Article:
Bolton Preview: Beware Wandering Elbows
Bolton arrive at The Emirates, normality returning to football with seven games in a little over three weeks. The injuries to van Persie and Walcott were well-documented, the absence of Thomas Vermaelen a surprise. The Belgian has suffered an achilles injury whilst away with his country, although that Wenger noted he could be available for the Champions League this week suggests it is not as bad as it sounds.
The length of absences should be treated with caution. Arsene acts on the information he has and at times, it is ‘overly optimistic’ which is a feeder for the criticism of the medical staff at the club. Taking an optimistic view of recovery times in public tends to fuel disappointment when those targets are not met. Whilst it might be against his nature, pessimism in those circumstances diminishes the opportunity to snipe at medical staff without any knowledge of the subject matter.
That gives the opportunity for Sebastien Squillaci to make his debut, a rough welcome to the Premier League will no doubt be handed out by Kevin Davies. The Bolton forward appears to be unable to fathom why he is not an England international.
The answer lies in the fact that he regularly tops the list of cautions at the end of the season; he is a throwback to the days of Finney and Mortenson when goalkeepers regularly found themselves in the back of the net as well as the ball, a firm shoulder barge having dumped both there. An anachronism who would not last five minutes on the highest stage.
Having successfully soft-soaped Chris Foy before the Blackburn game, Wenger turned his attention to Davies, presumably in the hope he will get sent off in the first five minutes for flailing elbows. Whilst fouls on the ground are more likely to result in the serious injury, there are plenty of cases where depressed cheekbones or worse have been caused by combative aerial play although their frequency is lesser.
Which one of the central pairing he targets remains to be seen although Koscielny’s relative inexperience makes him more likely. A lot rests on their shoulders being strong today. Coyle is gradually trying to move Bolton into the 21st Century of football but when faced with technically superior opposition – or as in their last game, a deficiency of numbers – Bolton revert to type and play to what are still their strengths.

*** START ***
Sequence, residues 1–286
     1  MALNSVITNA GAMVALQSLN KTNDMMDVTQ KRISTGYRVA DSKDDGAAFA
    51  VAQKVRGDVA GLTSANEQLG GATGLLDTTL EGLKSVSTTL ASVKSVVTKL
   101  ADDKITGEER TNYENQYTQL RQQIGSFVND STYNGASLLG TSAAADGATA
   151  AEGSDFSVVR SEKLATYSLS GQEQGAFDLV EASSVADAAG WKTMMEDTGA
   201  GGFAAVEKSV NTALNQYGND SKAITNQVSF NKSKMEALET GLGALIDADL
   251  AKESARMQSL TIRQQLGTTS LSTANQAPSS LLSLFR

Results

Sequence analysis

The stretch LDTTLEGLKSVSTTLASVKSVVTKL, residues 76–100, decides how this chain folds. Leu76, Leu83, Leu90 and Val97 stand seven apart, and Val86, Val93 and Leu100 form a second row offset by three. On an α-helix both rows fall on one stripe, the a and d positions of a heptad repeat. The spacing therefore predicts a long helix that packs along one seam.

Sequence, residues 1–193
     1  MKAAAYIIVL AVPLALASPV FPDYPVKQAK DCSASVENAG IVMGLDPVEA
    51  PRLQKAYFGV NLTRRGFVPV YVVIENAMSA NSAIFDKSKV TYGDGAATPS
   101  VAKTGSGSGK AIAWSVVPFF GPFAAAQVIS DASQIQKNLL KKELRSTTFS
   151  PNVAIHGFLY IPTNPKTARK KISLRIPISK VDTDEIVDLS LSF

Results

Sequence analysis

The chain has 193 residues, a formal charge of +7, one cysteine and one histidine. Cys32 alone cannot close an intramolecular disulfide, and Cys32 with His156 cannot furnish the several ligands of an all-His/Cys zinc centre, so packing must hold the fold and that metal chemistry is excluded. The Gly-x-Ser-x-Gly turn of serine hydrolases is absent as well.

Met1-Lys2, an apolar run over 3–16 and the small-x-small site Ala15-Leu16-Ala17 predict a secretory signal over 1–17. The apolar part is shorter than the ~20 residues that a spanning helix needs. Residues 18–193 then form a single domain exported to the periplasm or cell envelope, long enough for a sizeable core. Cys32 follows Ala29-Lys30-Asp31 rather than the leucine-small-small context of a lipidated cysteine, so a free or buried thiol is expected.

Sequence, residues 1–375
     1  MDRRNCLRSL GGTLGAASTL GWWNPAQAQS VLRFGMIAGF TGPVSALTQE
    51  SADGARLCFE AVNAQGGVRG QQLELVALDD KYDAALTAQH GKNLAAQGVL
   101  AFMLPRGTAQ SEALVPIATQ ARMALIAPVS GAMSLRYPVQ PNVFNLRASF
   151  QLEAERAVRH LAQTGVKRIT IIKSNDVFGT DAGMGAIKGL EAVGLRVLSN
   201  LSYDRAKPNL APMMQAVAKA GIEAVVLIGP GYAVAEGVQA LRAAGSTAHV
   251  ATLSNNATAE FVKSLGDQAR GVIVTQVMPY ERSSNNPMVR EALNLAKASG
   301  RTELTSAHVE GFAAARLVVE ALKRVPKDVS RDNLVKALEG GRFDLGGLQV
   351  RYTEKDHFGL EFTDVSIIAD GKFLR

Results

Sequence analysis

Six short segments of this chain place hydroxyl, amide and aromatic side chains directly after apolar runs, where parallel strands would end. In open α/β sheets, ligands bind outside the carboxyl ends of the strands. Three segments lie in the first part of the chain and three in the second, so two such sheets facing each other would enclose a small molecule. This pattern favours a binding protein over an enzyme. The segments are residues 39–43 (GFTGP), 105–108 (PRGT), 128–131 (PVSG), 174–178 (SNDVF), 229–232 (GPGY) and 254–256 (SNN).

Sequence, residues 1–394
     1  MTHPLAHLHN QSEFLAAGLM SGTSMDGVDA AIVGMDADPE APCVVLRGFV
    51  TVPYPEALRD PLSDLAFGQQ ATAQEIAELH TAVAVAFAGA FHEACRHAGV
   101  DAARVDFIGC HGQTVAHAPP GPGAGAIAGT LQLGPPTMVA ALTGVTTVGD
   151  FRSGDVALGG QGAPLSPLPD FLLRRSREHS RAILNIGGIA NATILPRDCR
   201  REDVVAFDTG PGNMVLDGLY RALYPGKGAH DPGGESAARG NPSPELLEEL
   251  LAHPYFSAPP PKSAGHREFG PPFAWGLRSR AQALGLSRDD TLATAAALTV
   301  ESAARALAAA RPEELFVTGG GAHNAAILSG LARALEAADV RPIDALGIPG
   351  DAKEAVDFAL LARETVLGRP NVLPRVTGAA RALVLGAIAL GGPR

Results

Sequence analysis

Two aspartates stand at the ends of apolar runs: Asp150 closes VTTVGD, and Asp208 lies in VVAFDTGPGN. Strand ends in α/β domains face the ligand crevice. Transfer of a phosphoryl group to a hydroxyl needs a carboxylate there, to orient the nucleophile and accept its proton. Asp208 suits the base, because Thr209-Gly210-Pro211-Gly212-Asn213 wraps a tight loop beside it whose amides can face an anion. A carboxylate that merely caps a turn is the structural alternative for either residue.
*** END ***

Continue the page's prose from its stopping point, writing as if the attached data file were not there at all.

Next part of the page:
There is no point in complaining after the event when this happens; that is how Sam Allardyce set the club up and highlights why he should never be allowed near the England manager’s job. To have him there would set football in this country back five decades at a time when it is already lagging behind the rest of the top European nations.
Injuries suffered open doors for others. One being mentioned is Jack Wilshere who despite being in the papers for all of the wrong reasons a week ago, proved his potential on the pitch in the Under-21s win over Lithuania. Despite Gerrard Houllier’s criticism of footballers being out of control, the midfielder retains Wenger’s faith and confidence who deflected attention away from Wilshere with insinuations that Stuart Pearce lacked managerial skills in judging the psychological condition of players.
Owen Coyle had laid claim to being a mentor for Jack Wilshere, the reason for his readiness for first team football at Arsenal. Arsene was having none of that though, slapping the Bolton manager across the face with his glove in readiness for this afternoon’s duel:
He was only 17 when he went there and he has come back with more experience and more power. He has grown physically and is stronger. But Bolton did not teach him to play football. He was already a very gifted player when he went there.
I doubt that Wilshere will be Walcott’s replacement in the starting XI. The natural temptation would be to use either the youngster or Rosicky to maintain the attacking inspiration, Eboue looks more likely as the manager seeks to combat the strength utilised in the midfield by the visitors. Not that the Ivorian lacks attacking capacity and having scored in the first of the two recent internationals, he might well be brimming with confidence.
With three games every seven days, Wenger is in the period when rotation will be used. Had Vermaelen been fit, I suspect that either Clichy or Sagna would have been rested but with Koscielny still adapting and Squillaci untested in the Premier League, it would be a big gamble to replace either full back. As such, I would expect the starting line-up to be:
Almunia; Sagna, Koscielny, Squillaci, Clichy; Song, Diaby, Fabregas; Eboue, Chamakh, Arshavin
The bench will be bolstered by the return of Samir Nasri and no doubt he will get a runout this afternoon. Whatever team is fielded, this is a fixture which Arsenal is expected to win and must do so to maintain momentum. The international break is normally followed by a decidely average performance. Returning to their clubs a day earlier is supposed to allow better preparation for the upcoming fixtures. Let’s hope we get that benefit this afternoon.
Enjoy the match wherever you watch it. ’til Tomorrow.